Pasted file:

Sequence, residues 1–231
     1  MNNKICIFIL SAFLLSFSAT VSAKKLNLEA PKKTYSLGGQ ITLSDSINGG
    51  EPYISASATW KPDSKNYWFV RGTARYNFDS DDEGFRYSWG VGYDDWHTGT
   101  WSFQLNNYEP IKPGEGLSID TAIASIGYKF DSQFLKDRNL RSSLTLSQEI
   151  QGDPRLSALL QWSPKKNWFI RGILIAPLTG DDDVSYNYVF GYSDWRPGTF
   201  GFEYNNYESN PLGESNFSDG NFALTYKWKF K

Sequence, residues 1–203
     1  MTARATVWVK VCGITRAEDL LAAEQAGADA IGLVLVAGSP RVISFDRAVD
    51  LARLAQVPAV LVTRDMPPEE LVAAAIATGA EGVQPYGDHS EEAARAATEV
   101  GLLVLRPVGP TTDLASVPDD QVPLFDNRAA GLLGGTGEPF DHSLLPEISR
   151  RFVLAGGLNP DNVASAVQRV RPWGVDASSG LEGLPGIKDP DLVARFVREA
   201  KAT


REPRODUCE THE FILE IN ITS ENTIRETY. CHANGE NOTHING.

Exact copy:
Sequence, residues 1–231
     1  MNNKICIFIL SAFLLSFSAT VSAKKLNLEA PKKTYSLGGQ ITLSDSINGG
    51  EPYISASATW KPDSKNYWFV RGTARYNFDS DDEGFRYSWG VGYDDWHTGT
   101  WSFQLNNYEP IKPGEGLSID TAIASIGYKF DSQFLKDRNL RSSLTLSQEI
   151  QGDPRLSALL QWSPKKNWFI RGILIAPLTG DDDVSYNYVF GYSDWRPGTF
   201  GFEYNNYESN PLGESNFSDG NFALTYKWKF K

Sequence, residues 1–203
     1  MTARATVWVK VCGITRAEDL LAAEQAGADA IGLVLVAGSP RVISFDRAVD
    51  LARLAQVPAV LVTRDMPPEE LVAAAIATGA EGVQPYGDHS EEAARAATEV
   101  GLLVLRPVGP TTDLASVPDD QVPLFDNRAA GLLGGTGEPF DHSLLPEISR
   151  RFVLAGGLNP DNVASAVQRV RPWGVDASSG LEGLPGIKDP DLVARFVREA
   201  KAT